Barack Obama speaks during a press conference with Canadian Prime Minister Justin Trudeau in the Rose Garden of the White House in Washington, DC, on March 10, 2016.
Saul Loeb—AFP/Getty Images
March 10, 2016 2:23 PM EST

President Obama, who has faced criticism in recent days for his role in the emergence of Donald Trump as a viable Presidential candidate, said Thursday that he is not to blame for the “Republican crackup.”

Conservative lawmakers and columnists have recently taken to blaming Obama for the rise of the leading Republican presidential candidate, arguing that the President’s partisanship has provoked an extreme response. In an op-ed for the Wall Street Journal last week, former Louisiana Gov. Bobby Jindal said Obama “created the very rancor he now rails against.”

“Mr. Obama likes to bemoan the increasing partisan divides across the country, as if he were merely a passive observer at best and a victim at worst. Uncharacteristically, the president is being too modest,” Jindal wrote. “There would be no Donald Trump, dominating the political scene today if it were not for President Obama.”

The left-leaning media watchdog Media Matters for America is keeping a running tally of all of the conservative voices holding Obama responsible for Trump’s success.

On Thursday, during a joint press conference with the Canadian Prime Minister Justin Trudeau, President Obama fired back on such claims.

“I have been blamed by Republicans for many things, but being blamed for their primaries and who they’re selecting for their party, uh, is novel,” Obama said.

President Obama admitted, as he did in the 2016 State of the Union, that one of his regrets as president was his inability to bridge the partisan divide in politics, which has only grown during his two terms in office. “I do all kinds of soul searching in terms of—are there things I can do better to make sure that we’re unifying the country,” Obama said.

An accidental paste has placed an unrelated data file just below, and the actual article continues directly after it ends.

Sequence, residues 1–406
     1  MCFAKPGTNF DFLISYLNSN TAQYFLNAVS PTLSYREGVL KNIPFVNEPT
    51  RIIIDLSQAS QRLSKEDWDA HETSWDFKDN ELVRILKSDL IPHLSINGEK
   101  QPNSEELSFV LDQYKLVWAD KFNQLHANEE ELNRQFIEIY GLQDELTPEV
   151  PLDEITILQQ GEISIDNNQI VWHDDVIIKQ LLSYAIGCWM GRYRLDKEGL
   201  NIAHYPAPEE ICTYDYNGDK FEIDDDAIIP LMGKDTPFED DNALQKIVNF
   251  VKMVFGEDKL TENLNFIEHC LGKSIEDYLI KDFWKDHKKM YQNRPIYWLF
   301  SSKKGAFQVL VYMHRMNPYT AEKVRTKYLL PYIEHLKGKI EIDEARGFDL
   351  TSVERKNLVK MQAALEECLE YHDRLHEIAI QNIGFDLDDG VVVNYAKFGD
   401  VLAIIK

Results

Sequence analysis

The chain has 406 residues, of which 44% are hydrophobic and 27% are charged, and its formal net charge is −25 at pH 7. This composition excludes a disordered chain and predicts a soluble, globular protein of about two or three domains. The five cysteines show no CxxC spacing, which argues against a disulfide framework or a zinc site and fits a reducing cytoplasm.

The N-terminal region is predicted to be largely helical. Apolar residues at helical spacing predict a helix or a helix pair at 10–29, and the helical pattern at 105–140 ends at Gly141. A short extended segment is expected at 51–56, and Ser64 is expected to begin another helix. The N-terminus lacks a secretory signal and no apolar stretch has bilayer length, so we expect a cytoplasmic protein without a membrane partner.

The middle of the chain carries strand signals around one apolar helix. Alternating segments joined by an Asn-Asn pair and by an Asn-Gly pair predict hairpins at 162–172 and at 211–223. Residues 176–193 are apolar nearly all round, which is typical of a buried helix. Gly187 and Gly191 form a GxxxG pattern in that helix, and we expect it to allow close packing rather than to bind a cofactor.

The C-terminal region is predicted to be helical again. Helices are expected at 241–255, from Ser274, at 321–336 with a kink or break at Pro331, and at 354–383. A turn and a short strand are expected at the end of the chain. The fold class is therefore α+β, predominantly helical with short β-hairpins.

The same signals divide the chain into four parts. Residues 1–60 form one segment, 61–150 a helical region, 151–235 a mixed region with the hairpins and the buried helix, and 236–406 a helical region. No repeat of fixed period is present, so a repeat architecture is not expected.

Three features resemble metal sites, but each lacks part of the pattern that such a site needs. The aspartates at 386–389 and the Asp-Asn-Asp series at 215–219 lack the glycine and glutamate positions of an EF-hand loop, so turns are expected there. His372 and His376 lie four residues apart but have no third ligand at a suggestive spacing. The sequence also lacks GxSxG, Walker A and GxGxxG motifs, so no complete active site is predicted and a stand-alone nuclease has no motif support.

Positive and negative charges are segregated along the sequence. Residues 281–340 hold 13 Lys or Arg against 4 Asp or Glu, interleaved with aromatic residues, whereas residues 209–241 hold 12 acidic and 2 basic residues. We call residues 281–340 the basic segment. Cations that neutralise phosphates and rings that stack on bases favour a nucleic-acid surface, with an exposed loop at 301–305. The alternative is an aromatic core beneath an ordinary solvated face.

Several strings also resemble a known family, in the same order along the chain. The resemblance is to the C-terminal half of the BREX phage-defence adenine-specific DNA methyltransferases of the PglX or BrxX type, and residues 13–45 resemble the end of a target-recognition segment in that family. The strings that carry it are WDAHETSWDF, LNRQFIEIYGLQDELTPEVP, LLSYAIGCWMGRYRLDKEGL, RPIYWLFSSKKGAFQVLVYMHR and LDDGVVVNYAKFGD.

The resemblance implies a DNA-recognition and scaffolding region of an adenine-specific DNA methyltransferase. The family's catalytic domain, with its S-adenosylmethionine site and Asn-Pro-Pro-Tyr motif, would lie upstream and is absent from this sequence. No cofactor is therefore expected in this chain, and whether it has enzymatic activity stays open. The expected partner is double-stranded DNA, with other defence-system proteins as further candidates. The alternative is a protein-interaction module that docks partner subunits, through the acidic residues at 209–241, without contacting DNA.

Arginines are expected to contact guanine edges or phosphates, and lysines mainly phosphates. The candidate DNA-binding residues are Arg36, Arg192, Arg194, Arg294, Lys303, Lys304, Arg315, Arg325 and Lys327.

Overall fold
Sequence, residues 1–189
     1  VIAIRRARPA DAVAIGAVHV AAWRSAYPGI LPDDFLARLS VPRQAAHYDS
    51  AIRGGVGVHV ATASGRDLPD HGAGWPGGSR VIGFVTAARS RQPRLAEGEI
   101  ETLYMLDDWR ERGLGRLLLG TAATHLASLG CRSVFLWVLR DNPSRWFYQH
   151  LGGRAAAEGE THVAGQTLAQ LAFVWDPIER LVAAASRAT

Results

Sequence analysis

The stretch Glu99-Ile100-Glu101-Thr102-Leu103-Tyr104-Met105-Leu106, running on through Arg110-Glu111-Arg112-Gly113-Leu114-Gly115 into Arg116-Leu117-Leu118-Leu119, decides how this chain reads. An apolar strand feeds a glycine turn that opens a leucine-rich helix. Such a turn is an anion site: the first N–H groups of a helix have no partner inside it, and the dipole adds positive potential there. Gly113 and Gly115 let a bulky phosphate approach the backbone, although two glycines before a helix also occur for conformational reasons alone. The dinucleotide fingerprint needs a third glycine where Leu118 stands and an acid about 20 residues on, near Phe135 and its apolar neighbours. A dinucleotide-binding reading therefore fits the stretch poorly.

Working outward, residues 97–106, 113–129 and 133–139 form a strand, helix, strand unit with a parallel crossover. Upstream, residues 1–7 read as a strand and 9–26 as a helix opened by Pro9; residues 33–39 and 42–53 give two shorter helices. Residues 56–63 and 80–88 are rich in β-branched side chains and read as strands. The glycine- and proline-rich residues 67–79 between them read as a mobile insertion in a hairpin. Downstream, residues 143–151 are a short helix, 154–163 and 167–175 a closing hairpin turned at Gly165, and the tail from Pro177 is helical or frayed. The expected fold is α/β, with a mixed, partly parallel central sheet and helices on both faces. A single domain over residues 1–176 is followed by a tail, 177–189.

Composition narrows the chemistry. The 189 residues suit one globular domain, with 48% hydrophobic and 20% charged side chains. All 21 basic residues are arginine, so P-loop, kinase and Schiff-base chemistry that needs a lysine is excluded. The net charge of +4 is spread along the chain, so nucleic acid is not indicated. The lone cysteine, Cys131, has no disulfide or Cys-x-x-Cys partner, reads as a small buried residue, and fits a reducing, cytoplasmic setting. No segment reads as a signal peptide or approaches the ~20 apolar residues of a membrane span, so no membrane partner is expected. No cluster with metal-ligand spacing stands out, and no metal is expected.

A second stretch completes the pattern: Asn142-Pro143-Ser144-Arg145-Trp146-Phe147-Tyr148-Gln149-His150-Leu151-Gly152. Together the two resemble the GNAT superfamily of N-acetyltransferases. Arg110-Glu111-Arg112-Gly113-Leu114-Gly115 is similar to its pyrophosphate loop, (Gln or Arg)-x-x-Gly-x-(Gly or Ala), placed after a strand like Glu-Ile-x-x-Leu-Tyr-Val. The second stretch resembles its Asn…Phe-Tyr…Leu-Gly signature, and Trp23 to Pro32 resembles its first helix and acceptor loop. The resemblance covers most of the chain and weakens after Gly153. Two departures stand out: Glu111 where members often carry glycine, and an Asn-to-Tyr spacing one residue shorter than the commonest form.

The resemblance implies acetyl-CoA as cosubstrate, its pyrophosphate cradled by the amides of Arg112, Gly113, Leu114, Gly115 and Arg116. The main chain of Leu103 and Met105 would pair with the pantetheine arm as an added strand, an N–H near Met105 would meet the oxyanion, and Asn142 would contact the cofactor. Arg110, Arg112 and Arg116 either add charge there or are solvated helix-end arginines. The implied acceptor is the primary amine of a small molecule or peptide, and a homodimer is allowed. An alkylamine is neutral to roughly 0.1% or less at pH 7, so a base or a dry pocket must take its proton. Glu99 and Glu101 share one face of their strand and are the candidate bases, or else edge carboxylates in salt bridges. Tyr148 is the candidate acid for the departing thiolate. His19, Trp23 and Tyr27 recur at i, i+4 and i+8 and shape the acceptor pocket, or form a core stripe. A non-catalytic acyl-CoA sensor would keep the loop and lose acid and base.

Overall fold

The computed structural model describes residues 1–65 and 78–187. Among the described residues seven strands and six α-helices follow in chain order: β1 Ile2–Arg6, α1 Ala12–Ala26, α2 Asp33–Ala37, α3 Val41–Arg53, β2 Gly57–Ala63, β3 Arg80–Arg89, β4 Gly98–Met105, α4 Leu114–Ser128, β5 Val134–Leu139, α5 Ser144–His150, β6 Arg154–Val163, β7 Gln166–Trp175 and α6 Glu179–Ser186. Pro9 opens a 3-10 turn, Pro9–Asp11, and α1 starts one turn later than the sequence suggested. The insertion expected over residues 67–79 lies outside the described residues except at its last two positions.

“What I’m not going to do is validate some notion that the Republican crackup that’s been taking place is a consequence of actions that I’ve taken,” he added.

Instead, the President blamed the Republican political elite and partisan media for stoking the flames of anger and discontent.

“Objectively, it’s fair to say that the Republican political elites and many of the information outlets…have been feeding the Republican base for the last 7 years a notion that everything I do is to be opposed. That cooperation or compromise somehow is a betrayal,” Obama said.

“The tone of that politics, which I certainly have not contributed to–I don’t think I was the one to prompt questions about my birth certificate, for example,” he continued. “What you’re seeing within the Republican party is to some degree all those efforts over a course of time creating an environment where someone like a Donald Trump can thrive.”

The President also called on Republicans who are “troubled” by Trump to think more on their own role in his candidacy.

“I think it’s very important for them to reflect on what it is about the politics they’ve engaged in that allows the circus we’ve been seeing to transpire and to do some introspection because ultimately I want an effective Republican party,” Obama said.

 

 

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